high-dose-rate brachytherapy; prostate cancer; androgen deprivation therapy; high-risk; very high-risk
Hyperthermia (HT) causes a direct damage to cancerous cells and/or sensitize them to radiotherapy with usually minimal injury to normal tissues. Adjuvant HT is probably one of the most effective radiation sensitizers known and works best when delivered simultaneously with radiation. In breast conserving therapy, irradiation has to minimize the risk of local relapse within the treated breast, especially in an area of a tumor bed. Brachytherapy boost reduces 5-year local recurrence rate to mean 5,5%, so there still some place for further improvement. The investigated therapeutic option is an adjuvant single session of local HT (thermal boost) preceding standard CT-based multicatheter interstitial HDR brachytherapy boost in order to increase the probability of local cure.
To report the short-term results in regard to early toxicity of high-dose-rate (HDR) brachytherapy (BT) boost with or without interstitial microwave hyperthermia (MV HT) for early breast cancer patients treated with breast conserving therapy (BCT).
Materials and methods
Between February 2006 and December 2007, 57 stage IA–IIIA breast cancer patients received a 10 Gy HDR BT boost after conservative surgery and 42.5–50 Gy whole breast irradiation (WBI) ± adjuvant chemotherapy. 32 patients (56.1%) were treated with additional pre-BT single session of interstitial MW HT to a tumor bed (multi-catheter technique). Reference temperature was 43 °C and therapeutic time (TT) was 1 h. Incidence, severity and duration of radiodermatitis, skin oedema and skin erythema in groups with (I) or without HT (II) were assessed, significant p-value ≤ 0.05.
Median follow-up was 40 months. Local control was 100% and distant metastasis free survival was 91.1%. HT sessions (median): reference temperature 42.2 °C, therapeutic time (TT) 61.4 min, total thermal dose 42 min and a gap between HT and BT 30 min. Radiodermatitis grades I and II occurred in 24 and 6 patients, respectively, differences between groups I and II were not significant. Skin oedema and erythema occurred in 48 (85.7%) and 36 (64.3%) cases, respectively, and were equally distributed between the groups. The incidence and duration of skin oedema differed between the subgroups treated with different fractionation protocols of WBI, p = 0.006. Skin oedema was present up to 12 months. No difference in pattern of oedema regression between groups I and II was observed, p = 0.933.
Additional thermal boost preceding standard HDR BT boost has a potential of further improvement in breast cancer local control in BCT. Pre-BT hyperthermia did not increase early toxicity in patients treated with BCT and was well tolerated. All side effects of combined treatment were transient and were present for up to 12 months. The increase in incidence of skin oedema was related to hypofractionated protocols of WBI. The study has to be randomized and continued on a larger group of breast cancer patients to verify the potential of local control improvement and to assess the profile of late toxicity.
Hyperthermia; Brachytherapy boost; Breast cancer
The purpose of this study was to evaluate the efficacy of HDR brachytherapy for primary or recurrent vaginal cancer.
Between the years 2000 to 2006, 18 patients with primary or recurrent vaginal cancer were treated with brachytherapy (HDRB). Six patients had primary vaginal cancer (stage II to IVA) while 12 were treated for isolated vaginal recurrence (primary cervix = 4, vulva = 1 and endometrium = 7). Five patients had previous pelvic radiation therapy. All except one patient received external beam radiation therapy to a median dose of 45 Gy (range 31.2–55.8 Gy). The HDRB was intracavitary using a vaginal cylinder in 5 patients and interstitial using a modified Syed-Nesblett template in 13 patients. The dose of interstitial brachytherapy was 18.75 Gy in 5 fractions delivered twice daily. The median follow-up was 18 months (range 6–66 months).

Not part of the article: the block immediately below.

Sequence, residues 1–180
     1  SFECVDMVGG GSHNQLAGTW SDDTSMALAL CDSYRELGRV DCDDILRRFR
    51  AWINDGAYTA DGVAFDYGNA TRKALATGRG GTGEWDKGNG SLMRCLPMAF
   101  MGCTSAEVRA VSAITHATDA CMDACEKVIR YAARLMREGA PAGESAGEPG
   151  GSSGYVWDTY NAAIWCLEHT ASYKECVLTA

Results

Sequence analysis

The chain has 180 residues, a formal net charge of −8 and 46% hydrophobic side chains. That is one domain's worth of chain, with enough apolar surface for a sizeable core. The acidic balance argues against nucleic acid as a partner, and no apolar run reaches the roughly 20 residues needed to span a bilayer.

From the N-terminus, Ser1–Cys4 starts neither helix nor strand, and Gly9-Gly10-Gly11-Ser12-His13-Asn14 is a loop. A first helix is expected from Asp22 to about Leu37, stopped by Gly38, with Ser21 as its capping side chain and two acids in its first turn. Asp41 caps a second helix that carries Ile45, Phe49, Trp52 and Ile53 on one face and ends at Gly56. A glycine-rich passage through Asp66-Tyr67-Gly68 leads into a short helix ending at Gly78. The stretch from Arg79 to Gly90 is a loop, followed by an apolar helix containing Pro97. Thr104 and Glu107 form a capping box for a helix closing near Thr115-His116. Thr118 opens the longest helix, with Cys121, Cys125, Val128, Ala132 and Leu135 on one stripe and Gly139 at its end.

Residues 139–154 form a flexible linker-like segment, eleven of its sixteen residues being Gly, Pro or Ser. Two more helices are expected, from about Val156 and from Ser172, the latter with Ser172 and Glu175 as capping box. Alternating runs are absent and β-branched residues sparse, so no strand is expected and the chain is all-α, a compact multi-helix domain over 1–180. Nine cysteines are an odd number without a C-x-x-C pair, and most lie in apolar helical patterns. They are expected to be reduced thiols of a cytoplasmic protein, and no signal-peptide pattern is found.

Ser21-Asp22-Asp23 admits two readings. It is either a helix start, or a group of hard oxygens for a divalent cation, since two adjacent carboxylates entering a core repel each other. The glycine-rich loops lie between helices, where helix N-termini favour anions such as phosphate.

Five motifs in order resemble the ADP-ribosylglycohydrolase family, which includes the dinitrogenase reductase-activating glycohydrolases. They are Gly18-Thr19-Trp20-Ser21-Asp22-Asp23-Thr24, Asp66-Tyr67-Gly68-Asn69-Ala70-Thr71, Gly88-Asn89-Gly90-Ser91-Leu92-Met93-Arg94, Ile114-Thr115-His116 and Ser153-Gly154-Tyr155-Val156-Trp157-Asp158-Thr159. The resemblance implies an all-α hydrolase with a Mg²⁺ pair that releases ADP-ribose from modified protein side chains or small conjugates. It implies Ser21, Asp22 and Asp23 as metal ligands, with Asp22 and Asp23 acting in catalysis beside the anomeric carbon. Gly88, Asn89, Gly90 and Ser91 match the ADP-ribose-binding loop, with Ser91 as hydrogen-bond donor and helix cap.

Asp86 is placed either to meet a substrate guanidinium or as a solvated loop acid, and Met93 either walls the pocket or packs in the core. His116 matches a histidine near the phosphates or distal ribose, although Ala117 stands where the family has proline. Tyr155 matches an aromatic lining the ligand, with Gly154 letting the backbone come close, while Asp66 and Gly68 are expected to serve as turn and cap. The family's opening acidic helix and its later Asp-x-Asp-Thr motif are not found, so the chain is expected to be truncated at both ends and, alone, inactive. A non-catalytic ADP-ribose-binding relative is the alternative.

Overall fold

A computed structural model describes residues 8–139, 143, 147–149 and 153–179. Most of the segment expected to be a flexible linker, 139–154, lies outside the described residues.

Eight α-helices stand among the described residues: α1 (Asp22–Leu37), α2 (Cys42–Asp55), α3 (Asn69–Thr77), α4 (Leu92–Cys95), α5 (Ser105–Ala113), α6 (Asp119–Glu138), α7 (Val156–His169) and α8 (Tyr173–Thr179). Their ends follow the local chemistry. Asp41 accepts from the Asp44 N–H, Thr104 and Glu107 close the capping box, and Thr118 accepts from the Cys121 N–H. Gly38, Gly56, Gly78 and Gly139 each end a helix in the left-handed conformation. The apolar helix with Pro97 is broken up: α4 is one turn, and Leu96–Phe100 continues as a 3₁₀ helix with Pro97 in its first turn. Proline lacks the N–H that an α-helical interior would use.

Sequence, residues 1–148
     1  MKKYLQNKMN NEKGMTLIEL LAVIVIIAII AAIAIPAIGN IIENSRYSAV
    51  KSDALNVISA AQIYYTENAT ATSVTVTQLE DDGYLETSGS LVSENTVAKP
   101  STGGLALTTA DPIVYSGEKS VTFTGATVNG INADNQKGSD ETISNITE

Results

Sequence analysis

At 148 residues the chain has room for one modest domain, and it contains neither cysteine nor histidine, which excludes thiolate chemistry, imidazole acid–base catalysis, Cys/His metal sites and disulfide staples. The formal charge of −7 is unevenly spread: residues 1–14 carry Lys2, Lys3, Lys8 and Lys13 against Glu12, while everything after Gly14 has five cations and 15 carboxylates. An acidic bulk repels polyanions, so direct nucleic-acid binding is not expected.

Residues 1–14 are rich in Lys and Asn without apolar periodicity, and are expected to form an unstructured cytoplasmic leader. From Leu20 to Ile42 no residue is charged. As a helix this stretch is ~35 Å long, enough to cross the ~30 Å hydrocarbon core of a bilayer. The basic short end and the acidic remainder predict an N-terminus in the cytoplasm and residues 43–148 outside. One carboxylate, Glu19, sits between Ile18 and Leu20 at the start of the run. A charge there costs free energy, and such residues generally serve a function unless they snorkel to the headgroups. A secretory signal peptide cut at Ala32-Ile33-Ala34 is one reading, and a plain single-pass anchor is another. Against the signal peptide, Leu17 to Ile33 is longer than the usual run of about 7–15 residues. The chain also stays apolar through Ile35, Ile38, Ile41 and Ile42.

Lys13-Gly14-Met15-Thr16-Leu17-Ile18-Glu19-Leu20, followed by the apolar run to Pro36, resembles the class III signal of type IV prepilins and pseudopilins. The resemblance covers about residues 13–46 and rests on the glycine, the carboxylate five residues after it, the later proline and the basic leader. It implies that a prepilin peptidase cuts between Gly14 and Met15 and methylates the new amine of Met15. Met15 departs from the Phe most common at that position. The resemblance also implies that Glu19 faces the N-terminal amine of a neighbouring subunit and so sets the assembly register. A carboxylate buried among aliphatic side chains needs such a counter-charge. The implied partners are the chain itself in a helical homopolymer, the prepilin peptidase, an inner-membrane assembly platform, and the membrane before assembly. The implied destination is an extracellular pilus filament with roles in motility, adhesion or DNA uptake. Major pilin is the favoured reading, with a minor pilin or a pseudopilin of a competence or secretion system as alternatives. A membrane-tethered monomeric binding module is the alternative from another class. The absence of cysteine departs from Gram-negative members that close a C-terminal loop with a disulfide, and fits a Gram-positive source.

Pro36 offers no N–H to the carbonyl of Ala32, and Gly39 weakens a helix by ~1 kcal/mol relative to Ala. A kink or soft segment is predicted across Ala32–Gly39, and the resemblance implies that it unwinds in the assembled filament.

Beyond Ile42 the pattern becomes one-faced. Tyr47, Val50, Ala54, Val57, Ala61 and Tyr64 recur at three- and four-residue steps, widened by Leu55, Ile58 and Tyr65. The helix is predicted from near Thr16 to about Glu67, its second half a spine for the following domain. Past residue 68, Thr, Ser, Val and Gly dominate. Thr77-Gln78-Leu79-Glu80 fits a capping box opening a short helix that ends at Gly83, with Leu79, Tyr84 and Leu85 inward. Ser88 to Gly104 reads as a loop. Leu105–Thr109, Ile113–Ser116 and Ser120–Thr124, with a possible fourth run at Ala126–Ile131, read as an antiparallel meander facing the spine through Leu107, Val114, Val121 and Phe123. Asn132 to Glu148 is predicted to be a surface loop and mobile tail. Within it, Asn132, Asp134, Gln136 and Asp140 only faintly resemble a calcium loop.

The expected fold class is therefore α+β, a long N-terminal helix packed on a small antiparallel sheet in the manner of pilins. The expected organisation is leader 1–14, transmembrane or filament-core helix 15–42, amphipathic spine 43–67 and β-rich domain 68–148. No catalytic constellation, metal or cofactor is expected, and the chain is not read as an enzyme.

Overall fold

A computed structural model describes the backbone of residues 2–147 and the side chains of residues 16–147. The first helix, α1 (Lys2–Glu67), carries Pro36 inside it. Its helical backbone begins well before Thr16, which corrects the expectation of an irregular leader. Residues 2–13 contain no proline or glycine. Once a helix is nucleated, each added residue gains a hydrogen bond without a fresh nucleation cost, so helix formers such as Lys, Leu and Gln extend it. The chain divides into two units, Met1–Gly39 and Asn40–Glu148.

Complete response (CR) was achieved in all but one patient (94%). Of these 17 patients achieving a CR, 1 had local recurrence and 3 had systemic recurrence at a median time of 6 months (range 6–22 months). The 2-year actuarial local control and cause-specific survival for the entire group were 88% and 82.5%, respectively. In subset analysis, the crude local control was 100% for primary vaginal cancer, 100% for the group with recurrence without any prior radiation and 67% for group with recurrence and prior radiation therapy. Two patients had late grade 3 or higher morbidity (rectovaginal fistula in one patient and chronic vaginal ulcer resulting in bleeding in one patient). Both these patients had prior radiation therapy.
Our small series suggests that HDRB is efficacious for primary or recurrent vaginal cancer. Patients treated with primary disease and those with recurrent disease without prior irradiation have the greatest benefit from HDRB in this setting. The salvage rate for patients with prior radiation therapy is lower with a higher risk of significant complications. Additional patients and follow-up are ongoing to determine the long-term efficacy of this approach.
To evaluate the clinical outcome of high-dose-rate (HDR) interstitial brachytherapy (IBT) in patients with oral cavity cancer.
Materials and Methods
Sixteen patients with oral cavity cancer treated with HDR remote-control afterloading brachytherapy using 192Ir between 2001 and 2013 were analyzed retrospectively. Brachytherapy was administered in 11 patients as the primary treatment and in five patients as salvage treatment for recurrence after the initial surgery. In 12 patients, external beam radiotherapy (50-55 Gy/25 fractions) was combined with IBT of 21 Gy/7 fractions. In addition, IBT was administered as the sole treatment in three patients with a total dose of 50 Gy/10 fractions and as postoperative adjuvant treatment in one patient with a total of 35 Gy/7 fractions.